From the content supplier's perspective, another impediment to the efficient distribution of digital content is the fact that different mobile devices often require different content packaging formats and provisioning protocols. In order to make a given item of digital content available to multiple mobile devices supporting different provisioning models, a digital content supplier will normally deploy that item of content multiple times, packaging it differently for each of the provisioning models. For example, an image to be delivered to Nokia-COD phones and Sprint-GCD OTA phones would be deployed twice, custom-packaged for each of those two delivery modes. It is very burdensome for digital content suppliers to have to package and provision the digital content they produce in a manner that is suitable for all of the devices in the marketplace. Moreover, it is difficult for content suppliers to keep up with the constant changes in device capabilities for the many mobile devices in the marketplace. Consequently, there is often a gap between the interoperability of a given digital product and how effective it can be used on a device. Therefore, the problem exists of how to efficiently allow many digital content providers to distribute many different types of digital content to subscribers using many different types of mobile devices.
A related problem is how to charge subscribers for the digital content they acquire. In one known system. The wireless carrier's system is capable of connecting to an external billing system and provides billing events to that system when a subscriber performs a chargeable action. However, this scenario assumes that all subscribers belong to a single organization that also owns the billing system. Furthermore, it assumes that a single currency is used. Yet many multi-national organizations have a parent company with subsidiaries in many countries. Different countries have different currencies, taxes and other charges. Each subsidiary may implement its own support/business infrastructure to deal with local regulations and customs, particularly with respect to the billing process. Consequently, the carrier's system must be able to generate billing events and direct them to the appropriate external billing system. Furthermore, it must be able to present the customer with a charge for each service, in the applicable currency and expressed in a way that is appropriate considering local taxes, fees and other regulations.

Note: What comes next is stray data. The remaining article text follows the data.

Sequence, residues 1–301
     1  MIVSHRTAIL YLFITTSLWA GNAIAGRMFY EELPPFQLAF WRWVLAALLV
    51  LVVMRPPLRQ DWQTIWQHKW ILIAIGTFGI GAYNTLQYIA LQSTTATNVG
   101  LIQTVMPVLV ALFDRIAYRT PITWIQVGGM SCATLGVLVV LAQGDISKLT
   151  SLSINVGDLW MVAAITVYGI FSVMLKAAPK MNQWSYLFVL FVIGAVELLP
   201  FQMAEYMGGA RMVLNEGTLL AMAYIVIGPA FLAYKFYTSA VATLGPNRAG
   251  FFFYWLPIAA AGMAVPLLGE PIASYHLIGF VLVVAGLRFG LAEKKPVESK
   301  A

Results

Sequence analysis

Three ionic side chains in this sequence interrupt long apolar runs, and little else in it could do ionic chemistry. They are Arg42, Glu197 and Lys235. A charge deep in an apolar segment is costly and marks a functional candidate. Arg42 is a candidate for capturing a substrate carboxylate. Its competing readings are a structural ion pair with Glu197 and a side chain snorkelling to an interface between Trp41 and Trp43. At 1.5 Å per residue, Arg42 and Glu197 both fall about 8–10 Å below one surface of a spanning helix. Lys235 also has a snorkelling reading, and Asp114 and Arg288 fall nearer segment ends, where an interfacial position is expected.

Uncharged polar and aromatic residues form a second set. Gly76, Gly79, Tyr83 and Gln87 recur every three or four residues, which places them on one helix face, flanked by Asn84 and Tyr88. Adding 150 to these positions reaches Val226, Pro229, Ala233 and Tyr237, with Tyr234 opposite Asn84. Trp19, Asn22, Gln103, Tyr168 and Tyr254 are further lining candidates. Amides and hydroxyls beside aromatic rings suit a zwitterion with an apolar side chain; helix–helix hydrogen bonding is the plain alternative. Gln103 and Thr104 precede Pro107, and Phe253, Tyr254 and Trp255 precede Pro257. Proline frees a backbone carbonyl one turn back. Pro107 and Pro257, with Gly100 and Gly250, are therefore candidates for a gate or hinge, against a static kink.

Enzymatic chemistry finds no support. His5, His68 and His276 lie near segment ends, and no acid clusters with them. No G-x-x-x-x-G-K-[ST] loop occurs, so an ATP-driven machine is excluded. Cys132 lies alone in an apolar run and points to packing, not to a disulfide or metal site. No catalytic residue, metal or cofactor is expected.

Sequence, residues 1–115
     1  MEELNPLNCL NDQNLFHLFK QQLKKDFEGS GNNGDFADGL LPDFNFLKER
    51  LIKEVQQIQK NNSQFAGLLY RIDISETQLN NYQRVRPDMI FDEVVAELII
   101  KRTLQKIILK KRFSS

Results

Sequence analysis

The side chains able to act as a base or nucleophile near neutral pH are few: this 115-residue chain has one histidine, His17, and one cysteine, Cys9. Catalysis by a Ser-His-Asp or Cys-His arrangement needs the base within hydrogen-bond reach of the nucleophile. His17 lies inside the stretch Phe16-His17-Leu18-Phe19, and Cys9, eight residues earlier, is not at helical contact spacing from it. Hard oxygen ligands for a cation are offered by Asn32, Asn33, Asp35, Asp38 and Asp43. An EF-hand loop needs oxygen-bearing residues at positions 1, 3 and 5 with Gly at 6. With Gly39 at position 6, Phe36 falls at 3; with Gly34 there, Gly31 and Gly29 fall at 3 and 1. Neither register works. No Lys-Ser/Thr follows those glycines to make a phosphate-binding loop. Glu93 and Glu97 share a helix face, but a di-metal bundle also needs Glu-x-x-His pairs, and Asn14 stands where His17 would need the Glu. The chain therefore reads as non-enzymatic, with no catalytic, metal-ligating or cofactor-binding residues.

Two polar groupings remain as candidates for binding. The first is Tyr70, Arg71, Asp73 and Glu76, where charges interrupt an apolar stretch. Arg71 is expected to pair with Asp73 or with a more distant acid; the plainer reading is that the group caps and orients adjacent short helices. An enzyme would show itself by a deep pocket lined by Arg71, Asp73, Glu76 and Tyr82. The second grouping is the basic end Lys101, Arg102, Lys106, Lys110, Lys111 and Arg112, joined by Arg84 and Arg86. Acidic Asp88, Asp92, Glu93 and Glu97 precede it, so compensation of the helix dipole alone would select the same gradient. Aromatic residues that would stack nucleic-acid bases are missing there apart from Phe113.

One way to address this problem, which only partially solves it, is to use credit card systems. In this scenario, the credit card company acts as an intermediary in the billing process. This approach consolidates all billing at one point. Settlement is done between the product/service provider and the subscriber provider (e.g., the wireless carrier) for a fee. This approach, however, does not handle the currency, taxes, fees and regulations issues mentioned above.
The invention includes a method and apparatus for providing access to digital content for use on wireless communication devices. A server system maintains data defining multiple domains, each of the domains defined as a different subset of multiple wireless services subscribers. The server system enables multiple digital content suppliers to publish digital content on the server system via a computer network and to make the digital content available on the server system to the wireless services subscribers. The server system further enables subscribers in each of the multiple domains to purchase rights to download and use the digital content on associated wireless communication devices via at least one wireless network.
Other features of the present invention will be apparent from the accompanying drawings and from the detailed description which follows.
One or more embodiments of the present invention are illustrated by way of example and not limitation in the figures of the accompanying drawings, in which like references indicate similar elements and in which: